• Kenneth J. Breslauer
  • Kenneth J. Breslauer
  • Professor
  • Department: Department of Chemistry & Chemical Biology
  • Phone: 1.8484453956
  • Linus C. Pauling Distinguished Professor
  • Dean, Life Sciences
  • Vice President, Health Science Partnerships
  • Wright Labs
  • Piscataway, NJ 08854
  • Key Words: Drug-DNA interactions, DNA polymorphism, macroscopic and microscopic characterizations of inter- and intramolecular forces, biothermodynamics, DNA lesions and mechanisms of mutagenesis and repair, ligand-biopolymer recognition, rational drug design, DNA-based diagnostics and therapeutics
  • News Items: Genetic Code Evolution and Darwin’s Evolution Theory Should Consider DNA an ‘Energy Code’

DNA Stability and Flexibility: A Thermodynamic Study

Thermodynamic characterization of the molecular forces that dictate and control the sequence-dependent structure and conformational transitions of oligomeric and polymeric nucleic acid molecules. Characterization of the influence of structural modifications (e.g., wobble base pairs, bulge loops, mismatches, etc.), salt, and drug binding on the helix-to-coil and helix-to-helix transitions of DNA molecules. Use of these data to construct comprehensive phase diagrams for DNA polymorphism so that under a given set of solution conditions and ligand binding. DNA secondary structures can be predicted from primary sequence data. Thermodynamic characterization of higher-order DNA structures such as triplexes and tetraplexes. Evaluating the relative binding affinity and specificity of third-strand oligomers to target DNA duplex domains, as a function of base sequence and solution conditions. Such information is required for both the rational design of third-strand oligomers and for the tuning of solution conditions as part of triplex strategies used to modulate biochemical events and to develop diagnostic protocols.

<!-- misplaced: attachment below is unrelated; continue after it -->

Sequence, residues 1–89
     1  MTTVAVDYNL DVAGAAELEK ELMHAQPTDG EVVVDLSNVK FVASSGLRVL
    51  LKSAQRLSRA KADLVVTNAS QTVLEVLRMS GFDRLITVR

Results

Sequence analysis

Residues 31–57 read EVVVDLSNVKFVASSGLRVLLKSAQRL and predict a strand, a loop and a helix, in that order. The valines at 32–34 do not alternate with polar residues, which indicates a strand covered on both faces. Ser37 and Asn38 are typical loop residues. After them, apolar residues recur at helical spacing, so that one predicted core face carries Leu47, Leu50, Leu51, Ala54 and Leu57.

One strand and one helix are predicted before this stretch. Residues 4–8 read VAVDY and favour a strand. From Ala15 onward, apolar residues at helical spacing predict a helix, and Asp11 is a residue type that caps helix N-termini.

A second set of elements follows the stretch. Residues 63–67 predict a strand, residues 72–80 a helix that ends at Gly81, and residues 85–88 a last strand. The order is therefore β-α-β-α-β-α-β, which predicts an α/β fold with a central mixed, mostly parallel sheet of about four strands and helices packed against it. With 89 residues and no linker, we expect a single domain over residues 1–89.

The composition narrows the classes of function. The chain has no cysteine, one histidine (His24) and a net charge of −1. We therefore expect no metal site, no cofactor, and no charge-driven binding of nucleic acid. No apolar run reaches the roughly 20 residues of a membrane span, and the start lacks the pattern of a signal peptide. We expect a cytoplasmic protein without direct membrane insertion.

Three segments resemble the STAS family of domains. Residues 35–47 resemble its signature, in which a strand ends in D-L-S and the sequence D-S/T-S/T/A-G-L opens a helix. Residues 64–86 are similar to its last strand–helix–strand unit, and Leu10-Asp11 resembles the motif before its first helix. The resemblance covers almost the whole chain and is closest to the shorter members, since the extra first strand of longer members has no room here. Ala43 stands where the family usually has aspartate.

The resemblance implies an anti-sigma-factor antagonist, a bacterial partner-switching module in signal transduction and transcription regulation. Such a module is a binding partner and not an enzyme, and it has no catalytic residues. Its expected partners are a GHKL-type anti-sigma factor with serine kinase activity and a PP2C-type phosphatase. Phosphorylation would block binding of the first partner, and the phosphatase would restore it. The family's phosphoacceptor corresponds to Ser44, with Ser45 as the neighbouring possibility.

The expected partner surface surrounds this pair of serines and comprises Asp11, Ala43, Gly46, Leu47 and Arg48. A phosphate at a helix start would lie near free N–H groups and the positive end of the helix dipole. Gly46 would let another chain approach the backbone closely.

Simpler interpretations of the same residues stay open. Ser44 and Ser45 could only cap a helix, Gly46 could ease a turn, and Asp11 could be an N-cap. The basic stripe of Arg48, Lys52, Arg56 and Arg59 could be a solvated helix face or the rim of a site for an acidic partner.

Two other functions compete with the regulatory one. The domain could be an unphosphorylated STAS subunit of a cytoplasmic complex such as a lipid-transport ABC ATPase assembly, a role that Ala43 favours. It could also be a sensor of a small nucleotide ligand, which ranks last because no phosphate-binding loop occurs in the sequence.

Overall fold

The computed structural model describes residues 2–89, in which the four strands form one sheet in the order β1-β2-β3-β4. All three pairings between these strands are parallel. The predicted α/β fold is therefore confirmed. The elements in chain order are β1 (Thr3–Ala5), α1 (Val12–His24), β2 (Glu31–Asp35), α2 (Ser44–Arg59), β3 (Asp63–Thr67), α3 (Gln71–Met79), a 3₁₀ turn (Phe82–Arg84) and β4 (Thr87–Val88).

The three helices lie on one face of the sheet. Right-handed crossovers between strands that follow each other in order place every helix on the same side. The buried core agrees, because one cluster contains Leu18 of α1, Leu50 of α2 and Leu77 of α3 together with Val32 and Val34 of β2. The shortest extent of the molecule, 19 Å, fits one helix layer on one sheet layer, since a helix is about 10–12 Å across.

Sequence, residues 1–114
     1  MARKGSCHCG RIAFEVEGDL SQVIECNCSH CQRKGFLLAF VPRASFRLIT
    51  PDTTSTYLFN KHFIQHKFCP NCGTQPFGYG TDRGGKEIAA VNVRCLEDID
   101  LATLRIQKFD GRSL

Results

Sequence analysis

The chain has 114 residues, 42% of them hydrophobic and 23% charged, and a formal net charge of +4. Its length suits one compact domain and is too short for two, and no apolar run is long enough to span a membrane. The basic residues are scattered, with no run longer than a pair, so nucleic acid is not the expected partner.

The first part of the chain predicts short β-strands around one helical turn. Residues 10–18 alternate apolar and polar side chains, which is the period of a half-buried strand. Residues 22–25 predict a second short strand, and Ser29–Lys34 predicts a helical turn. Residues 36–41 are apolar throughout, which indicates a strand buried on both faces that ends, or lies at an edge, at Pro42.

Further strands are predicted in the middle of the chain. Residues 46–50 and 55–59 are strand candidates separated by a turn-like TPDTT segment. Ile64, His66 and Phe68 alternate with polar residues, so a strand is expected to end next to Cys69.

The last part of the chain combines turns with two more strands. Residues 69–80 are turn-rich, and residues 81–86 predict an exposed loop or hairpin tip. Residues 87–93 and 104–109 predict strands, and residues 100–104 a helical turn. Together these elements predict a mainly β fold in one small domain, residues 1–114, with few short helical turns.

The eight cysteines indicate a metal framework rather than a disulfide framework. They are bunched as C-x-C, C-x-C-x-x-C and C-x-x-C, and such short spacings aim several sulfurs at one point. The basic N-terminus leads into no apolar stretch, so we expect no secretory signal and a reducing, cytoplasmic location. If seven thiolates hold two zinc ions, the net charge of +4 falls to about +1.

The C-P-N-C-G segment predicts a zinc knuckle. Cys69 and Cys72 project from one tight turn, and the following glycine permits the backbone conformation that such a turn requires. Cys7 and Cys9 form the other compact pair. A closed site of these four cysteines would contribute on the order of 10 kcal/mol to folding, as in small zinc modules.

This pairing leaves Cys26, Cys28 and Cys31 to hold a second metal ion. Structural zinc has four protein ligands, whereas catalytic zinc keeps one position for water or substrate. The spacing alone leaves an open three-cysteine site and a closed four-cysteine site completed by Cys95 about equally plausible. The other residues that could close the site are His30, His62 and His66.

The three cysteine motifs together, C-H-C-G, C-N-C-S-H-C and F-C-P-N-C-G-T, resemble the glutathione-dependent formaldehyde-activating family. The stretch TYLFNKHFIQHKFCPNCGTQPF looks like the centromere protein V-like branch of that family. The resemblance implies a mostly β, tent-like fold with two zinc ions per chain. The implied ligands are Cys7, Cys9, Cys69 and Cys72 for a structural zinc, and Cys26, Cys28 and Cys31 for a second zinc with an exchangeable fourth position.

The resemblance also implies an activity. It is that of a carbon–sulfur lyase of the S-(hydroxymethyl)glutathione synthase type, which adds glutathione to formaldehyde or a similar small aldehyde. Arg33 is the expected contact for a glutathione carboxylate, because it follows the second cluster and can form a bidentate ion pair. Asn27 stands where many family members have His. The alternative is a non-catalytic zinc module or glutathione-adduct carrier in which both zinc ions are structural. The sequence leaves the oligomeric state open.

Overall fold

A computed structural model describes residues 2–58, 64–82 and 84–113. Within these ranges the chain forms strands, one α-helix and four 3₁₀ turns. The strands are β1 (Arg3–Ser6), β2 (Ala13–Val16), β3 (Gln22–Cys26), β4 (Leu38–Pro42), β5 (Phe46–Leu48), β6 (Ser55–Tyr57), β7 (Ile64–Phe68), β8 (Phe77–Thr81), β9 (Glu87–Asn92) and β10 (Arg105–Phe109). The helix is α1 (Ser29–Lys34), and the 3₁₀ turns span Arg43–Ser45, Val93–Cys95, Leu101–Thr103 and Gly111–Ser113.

Drug-DNA Interactions: The Thermodynamics of Molecular Recognition

Elucidation of the molecular recognition patterns and characterization of the driving forces that give rise to the binding affinities and sequence/conformational preferences exhibited by DNA binding ligands. Defining the relative contributions of van der Waals contacts, hydrogen bonding, electrostatics, etc. to the binding affinities and specificities of DNA-directed ligands. Correlating specific drug structural features with their DNA binding affinities and specificities. Synergism in DNA drug binding studies. Using the information gained from these studies, one can design rational drug analogues that should exhibit predictably altered binding properties and perhaps desired biological functions.

The Chemistry and Biology of Mutagenic DNA Lesions and Repair Intermediates: The Relationship of DNA Structure and Binding Properties to Biological Function

Characterizations of the impacts of mutagenic lesions and repair intermediates on the structure, stability, and conformation of DNA duplexes. The goal of these studies is to evaluate if the lesion-induced alterations in duplex properties are consistent with or can be used to define biological mechanisms of repair and/or of mutagenesis. A logical extension of these studies, which we currently are pursuing, involves the design and testing of drugs that selectively target DNA sites which contain mutagenic lesions.